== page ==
“We often think of the brain as the command center, responsible for how our whole body functions, but scientists now know that the heart in fact sends more signals to the brain than the brain does to the heart. The heart therefore affects how we think and function emotionally; conscious awareness comes from the brain and heart working together,” wrote Roberts.

We were taught in elementary biology that the brain does not really control the heart. Turns out the heart really is the center of our being.

Roberts says, “Perhaps this shouldn’t really come as a surprise. From everyday experience we know that when we are calm and the heart beats steadily, we are more able to think clearly. When we are in a stressful situation or panicking, our heart tends to race and our clarity of thought is hindered making it more difficult to think, remember or learn. So different emotional states send different signals to the brain and affect our cognitive functions.”

We really do need to check the status of our hearts. Not only from the view of keeping it calm. But also from the view of such things as empathy, gratitude, joy, love. Let’s inform our brain about the higher gifts.

Curiosity Is The Foundation of Learning

November 9, 2015

How could you draw that smile (on the Mona Lisa)? How do you draw? What do you know how to draw? How do they paint the Eiffel Tower? Do they tie ropes to the guys? Why can’t they make a light bulb that lasts longer? Why can’t they make a better battery? How did they know about waves in the air when they invented them to make a radio?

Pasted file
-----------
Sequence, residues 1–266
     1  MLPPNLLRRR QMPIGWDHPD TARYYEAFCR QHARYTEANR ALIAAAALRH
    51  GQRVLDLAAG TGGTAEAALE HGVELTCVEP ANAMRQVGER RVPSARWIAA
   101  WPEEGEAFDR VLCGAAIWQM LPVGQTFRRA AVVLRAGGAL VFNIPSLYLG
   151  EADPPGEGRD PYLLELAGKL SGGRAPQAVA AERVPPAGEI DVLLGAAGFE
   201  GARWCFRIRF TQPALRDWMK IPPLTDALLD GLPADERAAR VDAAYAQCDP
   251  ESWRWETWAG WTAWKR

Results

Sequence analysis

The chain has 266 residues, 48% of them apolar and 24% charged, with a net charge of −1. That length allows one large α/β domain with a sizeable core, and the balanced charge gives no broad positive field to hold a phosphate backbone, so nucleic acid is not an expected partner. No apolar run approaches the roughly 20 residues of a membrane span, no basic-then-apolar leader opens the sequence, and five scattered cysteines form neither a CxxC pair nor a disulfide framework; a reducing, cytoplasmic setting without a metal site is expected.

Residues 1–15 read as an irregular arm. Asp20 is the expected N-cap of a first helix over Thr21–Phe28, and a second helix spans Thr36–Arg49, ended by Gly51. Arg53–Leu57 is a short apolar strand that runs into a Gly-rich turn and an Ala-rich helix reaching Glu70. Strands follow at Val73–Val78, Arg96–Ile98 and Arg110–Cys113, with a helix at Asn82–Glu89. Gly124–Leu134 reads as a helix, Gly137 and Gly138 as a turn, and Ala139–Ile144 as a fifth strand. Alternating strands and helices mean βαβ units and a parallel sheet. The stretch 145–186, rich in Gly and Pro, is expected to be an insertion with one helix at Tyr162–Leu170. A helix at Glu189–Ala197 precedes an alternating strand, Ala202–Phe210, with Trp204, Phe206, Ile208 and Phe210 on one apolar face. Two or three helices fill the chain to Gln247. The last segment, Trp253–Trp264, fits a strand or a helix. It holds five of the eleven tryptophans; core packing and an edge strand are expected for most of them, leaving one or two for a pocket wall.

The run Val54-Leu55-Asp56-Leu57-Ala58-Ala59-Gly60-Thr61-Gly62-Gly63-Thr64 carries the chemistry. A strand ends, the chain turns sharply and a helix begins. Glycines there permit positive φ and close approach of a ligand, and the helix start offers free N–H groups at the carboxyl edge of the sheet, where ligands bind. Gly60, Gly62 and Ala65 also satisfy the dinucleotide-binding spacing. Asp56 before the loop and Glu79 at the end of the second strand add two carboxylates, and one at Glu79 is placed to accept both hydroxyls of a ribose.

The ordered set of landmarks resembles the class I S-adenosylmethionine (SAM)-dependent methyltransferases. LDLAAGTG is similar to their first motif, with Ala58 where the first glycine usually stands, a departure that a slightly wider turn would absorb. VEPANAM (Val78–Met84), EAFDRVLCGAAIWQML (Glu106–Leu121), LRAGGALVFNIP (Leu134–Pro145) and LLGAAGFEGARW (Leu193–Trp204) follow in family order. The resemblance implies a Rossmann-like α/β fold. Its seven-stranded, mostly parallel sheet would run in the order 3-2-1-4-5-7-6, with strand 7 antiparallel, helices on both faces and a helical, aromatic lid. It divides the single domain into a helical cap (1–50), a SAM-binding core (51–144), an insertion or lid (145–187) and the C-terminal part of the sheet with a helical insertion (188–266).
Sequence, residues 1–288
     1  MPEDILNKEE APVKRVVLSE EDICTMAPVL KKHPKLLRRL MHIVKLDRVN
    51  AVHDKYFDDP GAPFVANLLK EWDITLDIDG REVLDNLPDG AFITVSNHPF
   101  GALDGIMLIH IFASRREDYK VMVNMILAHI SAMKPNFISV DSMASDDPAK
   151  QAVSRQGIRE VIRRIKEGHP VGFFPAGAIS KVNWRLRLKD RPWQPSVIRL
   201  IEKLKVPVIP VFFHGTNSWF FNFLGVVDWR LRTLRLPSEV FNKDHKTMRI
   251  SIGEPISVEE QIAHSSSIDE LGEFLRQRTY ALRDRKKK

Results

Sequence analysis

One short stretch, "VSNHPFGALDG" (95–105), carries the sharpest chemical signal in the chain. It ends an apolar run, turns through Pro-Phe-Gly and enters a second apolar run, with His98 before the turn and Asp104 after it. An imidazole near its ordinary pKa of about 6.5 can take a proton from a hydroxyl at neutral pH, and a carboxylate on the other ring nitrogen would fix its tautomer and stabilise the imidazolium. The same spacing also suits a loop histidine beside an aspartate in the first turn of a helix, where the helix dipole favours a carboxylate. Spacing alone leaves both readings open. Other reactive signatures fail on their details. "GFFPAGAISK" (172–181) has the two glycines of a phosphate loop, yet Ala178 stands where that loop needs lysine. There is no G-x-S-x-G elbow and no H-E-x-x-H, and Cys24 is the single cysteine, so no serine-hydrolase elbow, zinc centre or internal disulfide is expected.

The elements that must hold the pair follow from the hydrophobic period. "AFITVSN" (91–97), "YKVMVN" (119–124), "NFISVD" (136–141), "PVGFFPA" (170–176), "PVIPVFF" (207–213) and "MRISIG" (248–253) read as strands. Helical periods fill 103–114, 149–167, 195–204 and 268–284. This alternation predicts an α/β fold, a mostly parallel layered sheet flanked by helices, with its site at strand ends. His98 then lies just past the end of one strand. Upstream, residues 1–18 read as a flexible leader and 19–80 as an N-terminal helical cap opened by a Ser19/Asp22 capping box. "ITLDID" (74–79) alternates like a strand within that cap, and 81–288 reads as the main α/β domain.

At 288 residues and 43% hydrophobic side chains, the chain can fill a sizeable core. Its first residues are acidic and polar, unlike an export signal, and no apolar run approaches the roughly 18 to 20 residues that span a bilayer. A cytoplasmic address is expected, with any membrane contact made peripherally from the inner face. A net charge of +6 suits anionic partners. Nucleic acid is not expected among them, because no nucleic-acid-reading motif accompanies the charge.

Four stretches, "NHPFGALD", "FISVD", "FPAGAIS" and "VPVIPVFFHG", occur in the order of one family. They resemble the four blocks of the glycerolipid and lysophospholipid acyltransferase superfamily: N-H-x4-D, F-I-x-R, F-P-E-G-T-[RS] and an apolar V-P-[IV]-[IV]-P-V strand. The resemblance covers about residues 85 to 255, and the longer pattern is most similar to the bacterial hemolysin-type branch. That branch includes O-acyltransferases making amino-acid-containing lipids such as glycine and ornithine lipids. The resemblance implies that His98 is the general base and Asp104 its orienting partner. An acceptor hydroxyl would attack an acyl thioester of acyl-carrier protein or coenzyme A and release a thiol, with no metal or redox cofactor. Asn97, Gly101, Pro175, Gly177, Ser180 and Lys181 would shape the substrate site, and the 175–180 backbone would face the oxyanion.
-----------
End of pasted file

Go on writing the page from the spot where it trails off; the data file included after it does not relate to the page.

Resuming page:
That wasn’t even the entire conversation with my 8-yr-old grandson. I just asked him about his trip to Paris.

I told him that the world is filled with problems to solve. That’s why we need engineers and scientists.

I’m worried that school will kill some of that curiosity, but that’s another story.

The thing is–he’s always been curious. At 18 months taking a walk down the street could take a long time as we stopped explore all manner of things.

The conference I attended a few weeks ago featured a keynote speaker called Michael Gelb. He wrote a book, “How to Think Like Leonardo Da Vinci.” It is a fascinating book about a fascinating guy.

The first of seven characteristics–Curiosity.

What is that doing in a spiritual discipline blog?

Think of all the curiosity in the New Testament.

All of the original 12 close disciples were curious about Jesus. Who is that guy? Paul at first was opposed, then he too wondered, “Who is that guy?”